Differentiating between typical teenage mood swings and clinical depression can be difficult even when we are not in the midst of a pandemic. Parents now face an even bigger challenge as they navigate the changes and adversity that have occurred because of COVID-19. 

Teens are missing many important milestones in their young lives, such as graduation ceremonies, participating in after-school clubs or playing on sports teams. Practicing social distancing has caused teenagers to report feeling lonelier than usual. All of this is concerning since adolescence is a time in development when peer relationships are particularly critical. 

Adolescents may also be concerned about the physical, emotional and financial well-being of their family and friends. Feeling sad, disappointed, irritable or moody is understandable, and it’s important to recognize that it’s also normal. There is a common misconception that mental health means feeling happy all of the time. However, mental health actually means having the right emotions at the right time and being able to tolerate difficult emotions when they arise. 

Meredith Gunlicks-Stoessel, PhD, LP, is an M Physicians psychologist and is also an associate professor with the Department of Psychiatry and Behavioral Sciences at the University of Minnesota Medical School. As an expert in child and adolescent mental health, she talks about the differences between sadness and clinical depression and how to open a dialogue with your teen about their mood.

Differences Between Normal Sadness and Clinical Depression

How do we know if a teen is experiencing normative sadness and irritability or clinical depression that requires treatment? 

“One of the important differences is the intensity and duration,” Dr. Gunlicks-Stoessel said. To be diagnosed with depression, a teen must experience a very sad, depressed mood or irritability for most of the day, nearly everyday, for at least two weeks. In addition to a depressed or irritable mood, a diagnosis of depression requires other symptoms, such as: 

  • Loss of interest in activities
  • Lack of energy
  • Changes in sleep patterns
  • Feelings of worthlessness 
  • Changes in appetite
  • Difficulty concentrating
  • Feeling hopeless or helpless
  • Thoughts of death or suicide

A diagnosis of depression during the teenage years is common. Approximately 20 percent of teenagers will meet the criteria for diagnosis at some point, with girls being twice as likely to develop depression compared to boys. 

The good news is that depression is treatable and there are several effective treatment options available, including telehealth. There are psychotherapy (talk therapy) approaches, including interpersonal psychotherapy and cognitive behavioral therapy. Medications, including selective serotonin reuptake inhibitors (SSRIs) are also effective. Importantly, both psychotherapy and medication appointments are available via telehealth. Telehealth sessions are conducted through a secure, web-based video conferencing system, allowing families to attend appointments from the safety and comfort of their own homes.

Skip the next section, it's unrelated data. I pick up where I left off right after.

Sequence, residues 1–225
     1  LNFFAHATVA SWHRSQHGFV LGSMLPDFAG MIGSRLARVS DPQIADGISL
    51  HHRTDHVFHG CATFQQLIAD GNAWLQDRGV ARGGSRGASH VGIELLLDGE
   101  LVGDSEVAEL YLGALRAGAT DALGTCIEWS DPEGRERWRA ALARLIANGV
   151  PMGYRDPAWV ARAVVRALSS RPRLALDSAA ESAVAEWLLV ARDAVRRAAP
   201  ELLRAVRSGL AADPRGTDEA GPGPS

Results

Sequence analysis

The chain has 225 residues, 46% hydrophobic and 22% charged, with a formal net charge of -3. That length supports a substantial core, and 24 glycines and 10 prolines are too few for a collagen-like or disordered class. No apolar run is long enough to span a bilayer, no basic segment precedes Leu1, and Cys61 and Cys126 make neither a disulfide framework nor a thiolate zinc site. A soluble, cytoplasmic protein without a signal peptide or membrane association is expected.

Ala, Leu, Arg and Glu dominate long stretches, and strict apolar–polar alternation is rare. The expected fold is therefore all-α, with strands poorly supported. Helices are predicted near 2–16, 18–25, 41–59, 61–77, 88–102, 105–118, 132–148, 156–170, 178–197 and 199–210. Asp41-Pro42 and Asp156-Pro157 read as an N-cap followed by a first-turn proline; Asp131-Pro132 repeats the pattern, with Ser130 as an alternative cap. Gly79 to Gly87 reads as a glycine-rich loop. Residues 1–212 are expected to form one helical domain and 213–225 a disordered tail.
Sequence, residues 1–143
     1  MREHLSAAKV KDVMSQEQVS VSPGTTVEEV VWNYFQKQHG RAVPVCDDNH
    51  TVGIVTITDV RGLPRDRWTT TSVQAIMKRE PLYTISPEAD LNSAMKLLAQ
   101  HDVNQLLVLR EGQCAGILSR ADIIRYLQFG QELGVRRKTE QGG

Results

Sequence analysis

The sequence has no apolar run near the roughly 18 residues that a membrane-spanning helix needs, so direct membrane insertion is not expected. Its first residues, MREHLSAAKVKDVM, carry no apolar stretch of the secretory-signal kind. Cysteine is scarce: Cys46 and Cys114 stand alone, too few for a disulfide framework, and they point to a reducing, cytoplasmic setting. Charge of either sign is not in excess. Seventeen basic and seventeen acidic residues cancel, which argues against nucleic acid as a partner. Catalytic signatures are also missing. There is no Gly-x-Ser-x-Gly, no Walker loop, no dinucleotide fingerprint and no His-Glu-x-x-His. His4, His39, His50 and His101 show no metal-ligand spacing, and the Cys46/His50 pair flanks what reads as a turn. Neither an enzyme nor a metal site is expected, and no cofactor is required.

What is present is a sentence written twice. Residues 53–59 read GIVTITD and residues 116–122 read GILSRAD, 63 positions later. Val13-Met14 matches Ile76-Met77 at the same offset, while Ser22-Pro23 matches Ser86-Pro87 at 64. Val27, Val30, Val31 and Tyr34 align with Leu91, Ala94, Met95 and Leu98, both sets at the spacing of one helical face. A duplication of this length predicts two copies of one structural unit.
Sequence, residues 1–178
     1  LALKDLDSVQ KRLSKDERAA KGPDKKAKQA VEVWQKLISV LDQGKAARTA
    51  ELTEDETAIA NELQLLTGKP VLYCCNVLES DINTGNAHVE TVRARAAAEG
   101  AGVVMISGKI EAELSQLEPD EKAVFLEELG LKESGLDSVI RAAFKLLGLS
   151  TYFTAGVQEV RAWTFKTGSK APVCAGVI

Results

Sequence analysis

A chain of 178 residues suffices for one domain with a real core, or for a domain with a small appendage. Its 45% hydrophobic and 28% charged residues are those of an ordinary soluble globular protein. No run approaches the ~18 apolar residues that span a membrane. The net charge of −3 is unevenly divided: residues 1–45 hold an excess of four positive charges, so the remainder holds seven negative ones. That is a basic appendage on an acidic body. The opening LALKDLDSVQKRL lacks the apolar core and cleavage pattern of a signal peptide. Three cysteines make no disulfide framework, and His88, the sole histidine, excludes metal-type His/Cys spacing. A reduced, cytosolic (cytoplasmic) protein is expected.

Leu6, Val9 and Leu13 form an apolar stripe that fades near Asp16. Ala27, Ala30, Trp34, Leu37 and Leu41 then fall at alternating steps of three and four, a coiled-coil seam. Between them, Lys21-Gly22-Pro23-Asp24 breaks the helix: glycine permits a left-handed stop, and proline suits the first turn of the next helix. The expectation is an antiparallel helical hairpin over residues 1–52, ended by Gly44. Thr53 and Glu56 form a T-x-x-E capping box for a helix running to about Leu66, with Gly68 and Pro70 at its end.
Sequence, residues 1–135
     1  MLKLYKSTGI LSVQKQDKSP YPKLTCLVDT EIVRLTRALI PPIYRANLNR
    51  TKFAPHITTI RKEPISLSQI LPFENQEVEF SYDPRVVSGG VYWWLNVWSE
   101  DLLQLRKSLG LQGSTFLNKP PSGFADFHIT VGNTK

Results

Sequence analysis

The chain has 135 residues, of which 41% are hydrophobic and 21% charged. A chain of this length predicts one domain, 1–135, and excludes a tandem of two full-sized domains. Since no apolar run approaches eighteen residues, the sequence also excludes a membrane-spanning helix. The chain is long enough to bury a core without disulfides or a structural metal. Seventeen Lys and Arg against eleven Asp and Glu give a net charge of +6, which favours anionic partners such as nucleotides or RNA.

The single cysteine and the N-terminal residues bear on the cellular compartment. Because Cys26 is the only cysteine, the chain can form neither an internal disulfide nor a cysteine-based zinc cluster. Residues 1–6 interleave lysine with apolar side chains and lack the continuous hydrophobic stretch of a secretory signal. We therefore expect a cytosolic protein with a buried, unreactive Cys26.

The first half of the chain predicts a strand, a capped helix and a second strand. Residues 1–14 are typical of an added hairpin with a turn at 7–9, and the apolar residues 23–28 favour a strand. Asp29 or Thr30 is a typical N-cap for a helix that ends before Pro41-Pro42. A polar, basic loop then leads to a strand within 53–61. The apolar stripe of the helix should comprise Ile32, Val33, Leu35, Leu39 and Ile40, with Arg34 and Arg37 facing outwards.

“If you’re feeling concerned about your teen, you should trust yourself. Getting an assessment from a professional, such as your teen’s pediatrician, can be a good place to start. Your pediatrician can also help with treatment referrals, if needed,” Dr. Gunlicks-Stoessel said.

Having a Conversation With Your Teenager About Mood

Parents often feel anxious about broaching topics like mental health with their children. It’s important to remember that many teens do want to share their thoughts and feelings with family members but may feel anxious about doing so. Dr. Gunlicks-Stoessel lists some suggestions to open up dialogue.

Aim for good timing. Try to avoid the initial conversation when emotions are running high, whether it be your teen’s emotions or your own. Let your teen know that you’d like to find a time to check in. “If it isn’t a good time, ask when another time might work better,” she said. 

Share your observations and express curiosity. Try to explain what you’ve observed without passing judgement. Here’s an example of how open-ended questions within a conversation can lead to the topic: 

  • “I’ve noticed that you’ve been spending a lot of time by yourself in your room and you’ve been sleeping a lot.” 
  • Then, express interest and curiosity. “Have you noticed that too? What do you think about that? Does it bother you?” 
  • This can lead to: “I’ve been wondering a little bit about your mood. Have you been feeling sad or depressed at all?” 

Listen More. Talk Less. Dr. Gunlicks-Stoessel says to try to avoid giving advice or encouraging them to think about the positives. Instead, take a step back and provide them with a safe space to share. Listen to understand, not to respond. Ask them to elaborate on issues when given the opportunity.

Empathize and Validate. Let your teen know that you can see how upset they’ve been feeling and how hard things have been for them. “Tell them you care and that you’re glad they shared their honest emotions,” she said.

Step Back (if necessary). If your teen isn’t engaging with you, Dr. Gunlicks-Stoessel says don’t continue asking a lot of questions. Instead, let them know what you observed and how you perceived it. Inform them that it seemed like a change and that is why you wanted to check in. Always present the option for discussion at a later time and let them know you are available to listen.

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